New York Forum musters help for African jobless


One of the biggest challenges for Africa is how to provide employment opportunities to its youth, the New York Forum AFRICA has heard.

“If Africa’s youth is left without educational jobs, growth will be pointless,” said host country Gabon’s President Ali Bongo Ondimba at the three-day forum, which ended on Sunday in the capital Libreville.
“Young people will be without hope if they cannot find a place in our growing economies. Our countries’ growth must be inclusive and people-oriented.”

The forum gathered some 1,000 participants, including business leaders, politicians and decision-makers to discuss growth opportunities for the world’s second most populous continent.

They heard that 65 percent of Africa’s total population was under the age of 35, of whom about 35 percent were between 15 and 35. Youth account for 60 percent of Africa’s unemployed, according to estimates by the World Bank.

“If the employment problem can’t be solved, Europe would be inevitably affected as many immigrants would go to European countries to look for jobs,” said Idriss Deby Itno, president of Chad. “So Africa should develop itself and create conditions to tackle this challenge.”

Deby Itno said Africa and its partners should make the best use of its natural resources to produce more value-added products locally and also construct more infrastructure, which would promote trade and business exchanges among African nations.

He added that China has pursued a complementary approach with African countries in this process, which was a real “win-win situation” and a mutually beneficial partnership.
“All the players and partners of Africa should act in a similar way,” said the Chad president.

Gabon and Chad were joined by four other Economic and Monetary Community of Central African States (CEMAC) at the New York Forum on African development, being held in Libreville for the second consecutive year.

As African politicians make their voices heard on unemployment, Chinese investors are helping create jobs around the continent with new projects.

One major construction deal was signed during the forum after China Harbour Engineering Co’s Cameroon operation won a public contract with the Gabonese government as part of Libreville’s city center development.

China Harbour, which competed with other foreign companies for the contract, will build a waterfront, the first phase of a 14-month project, according to Zhao Yang, who oversees construction in Libreville. He said the project will create about 200 jobs
China Harbour established a presence in Sudan – their first office in Africa – in the 1980s and has now expanded to about 10 other African nations.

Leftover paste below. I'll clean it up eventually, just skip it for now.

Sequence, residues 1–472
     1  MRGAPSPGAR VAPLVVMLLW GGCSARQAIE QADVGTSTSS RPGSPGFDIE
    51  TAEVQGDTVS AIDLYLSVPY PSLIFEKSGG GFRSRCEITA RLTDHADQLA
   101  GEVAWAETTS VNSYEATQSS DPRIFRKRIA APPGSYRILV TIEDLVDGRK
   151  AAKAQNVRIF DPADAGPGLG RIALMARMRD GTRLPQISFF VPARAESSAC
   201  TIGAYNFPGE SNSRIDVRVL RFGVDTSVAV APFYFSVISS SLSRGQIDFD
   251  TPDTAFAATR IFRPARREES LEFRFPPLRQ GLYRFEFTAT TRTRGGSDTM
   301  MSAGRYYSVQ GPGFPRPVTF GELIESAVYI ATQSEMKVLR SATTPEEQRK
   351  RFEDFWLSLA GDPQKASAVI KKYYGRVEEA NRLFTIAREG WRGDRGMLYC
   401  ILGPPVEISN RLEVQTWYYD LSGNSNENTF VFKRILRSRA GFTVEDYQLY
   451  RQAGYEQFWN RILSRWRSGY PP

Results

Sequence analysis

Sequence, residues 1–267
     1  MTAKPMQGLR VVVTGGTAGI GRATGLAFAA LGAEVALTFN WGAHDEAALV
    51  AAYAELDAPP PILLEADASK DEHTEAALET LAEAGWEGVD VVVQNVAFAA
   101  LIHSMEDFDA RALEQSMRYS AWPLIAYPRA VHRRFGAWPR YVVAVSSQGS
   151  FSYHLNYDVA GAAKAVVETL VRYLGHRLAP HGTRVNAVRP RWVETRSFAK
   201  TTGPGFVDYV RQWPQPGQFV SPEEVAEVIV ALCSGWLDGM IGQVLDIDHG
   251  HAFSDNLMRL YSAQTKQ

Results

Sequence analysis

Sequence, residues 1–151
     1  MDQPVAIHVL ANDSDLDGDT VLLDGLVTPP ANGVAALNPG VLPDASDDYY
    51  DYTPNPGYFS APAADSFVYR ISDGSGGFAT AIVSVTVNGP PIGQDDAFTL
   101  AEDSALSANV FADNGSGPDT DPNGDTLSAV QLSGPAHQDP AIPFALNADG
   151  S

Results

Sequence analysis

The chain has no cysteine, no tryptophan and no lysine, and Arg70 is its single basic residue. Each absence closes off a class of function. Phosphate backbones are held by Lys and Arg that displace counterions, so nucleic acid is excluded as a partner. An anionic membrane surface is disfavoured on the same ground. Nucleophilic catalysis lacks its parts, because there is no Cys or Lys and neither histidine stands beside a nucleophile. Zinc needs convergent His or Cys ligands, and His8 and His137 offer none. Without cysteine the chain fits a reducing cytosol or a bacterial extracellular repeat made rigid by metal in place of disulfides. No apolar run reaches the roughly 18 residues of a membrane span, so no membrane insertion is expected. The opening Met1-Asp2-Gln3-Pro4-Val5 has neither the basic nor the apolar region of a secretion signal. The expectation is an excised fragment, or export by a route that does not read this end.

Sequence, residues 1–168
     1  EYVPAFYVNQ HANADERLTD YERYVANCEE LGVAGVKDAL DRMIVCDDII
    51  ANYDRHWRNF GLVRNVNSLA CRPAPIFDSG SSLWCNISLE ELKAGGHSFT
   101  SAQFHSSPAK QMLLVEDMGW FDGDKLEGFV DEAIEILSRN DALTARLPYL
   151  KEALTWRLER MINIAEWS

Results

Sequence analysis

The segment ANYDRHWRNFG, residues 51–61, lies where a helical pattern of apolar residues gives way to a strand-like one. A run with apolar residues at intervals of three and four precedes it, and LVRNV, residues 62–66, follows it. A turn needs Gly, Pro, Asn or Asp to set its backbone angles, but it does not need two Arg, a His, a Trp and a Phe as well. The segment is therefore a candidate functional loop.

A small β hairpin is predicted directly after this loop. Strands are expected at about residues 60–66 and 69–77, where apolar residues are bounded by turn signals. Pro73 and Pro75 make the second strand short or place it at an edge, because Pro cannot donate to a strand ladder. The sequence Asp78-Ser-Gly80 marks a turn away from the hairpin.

“It is our first project in Gabon and it’s part of our regional expansion strategy to develop new projects in more African countries,” said Zhao.

In another recently signed deal, Hong Kong Construction Materials Engineering Ltd will begin a $900 million project next year to build a “Chinatown” in Essassa, Libreville. The company will build 5,000 apartments for both government housing and commercial purposes.
Hong Kong Construction president Chen Lin said the project would create at least 1,000 local jobs.

Zheng Yuewen, chairman of China-Africa Business Council, which represents more than 200 Chinese companies – most of which are small and medium-sized enterprises – said China could play a significant role in tackling Africa’s employment disparity.

“China is experiencing its industrial transition period and when more Chinese manufacturers from the private sector move their factories to Africa, millions of jobs will be created for African people,” he said.

The council is the only Chinese non-governmental organization that helps Chinese enterprises deal with Africa-related business, aiming to promote China-Africa and South-South cooperation.

Zheng said it was mainly large-scale state-owned enterprises doing business in Africa, but in recent years, some individuals were embarking on business ventures across the continent.

“Private sectors from China could actually do a good job too, which is more suitable for the future sustainable development of Africa,” Zheng said, adding that there were many good examples of private enterprises setting up in Africa, such as telecommunications equipment maker Huawei and PC maker Lenovo.

He said with the urgent need for technological updating and increasing labor costs, Chinese private manufacturers could view Africa as a good opportunity to grow their future business, while developing Africa in a more sustainable way.

“This is what China used to experience in the 1980s,” he added, “And all the industries were eventually well established with the help of foreign direct investment.”

This trend also conforms to African countries’ real needs and policy changes, according to Sun Jiwen, Chinese ambassador to Gabon.
“Gabon used to export trees as one of its economic pillars, but the government has decided to completely abolish the raw material exportation by the end of 2017 and require a more value-added products export,” he said.

For private enterprises, moving manufacturing factories to Africa would create mutual benefit for China and Africa, said Sun.


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